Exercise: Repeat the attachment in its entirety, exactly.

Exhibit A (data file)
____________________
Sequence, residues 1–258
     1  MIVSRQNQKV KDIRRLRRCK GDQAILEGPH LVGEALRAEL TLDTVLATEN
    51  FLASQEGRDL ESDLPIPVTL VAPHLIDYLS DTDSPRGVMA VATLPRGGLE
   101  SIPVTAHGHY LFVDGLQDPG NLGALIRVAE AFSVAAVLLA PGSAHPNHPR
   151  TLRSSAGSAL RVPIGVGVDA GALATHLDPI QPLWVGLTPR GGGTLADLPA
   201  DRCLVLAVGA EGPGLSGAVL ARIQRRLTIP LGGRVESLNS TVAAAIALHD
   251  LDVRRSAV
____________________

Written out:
Sequence, residues 1–258
     1  MIVSRQNQKV KDIRRLRRCK GDQAILEGPH LVGEALRAEL TLDTVLATEN
    51  FLASQEGRDL ESDLPIPVTL VAPHLIDYLS DTDSPRGVMA VATLPRGGLE
   101  SIPVTAHGHY LFVDGLQDPG NLGALIRVAE AFSVAAVLLA PGSAHPNHPR
   151  TLRSSAGSAL RVPIGVGVDA GALATHLDPI QPLWVGLTPR GGGTLADLPA
   201  DRCLVLAVGA EGPGLSGAVL ARIQRRLTIP LGGRVESLNS TVAAAIALHD
   251  LDVRRSAV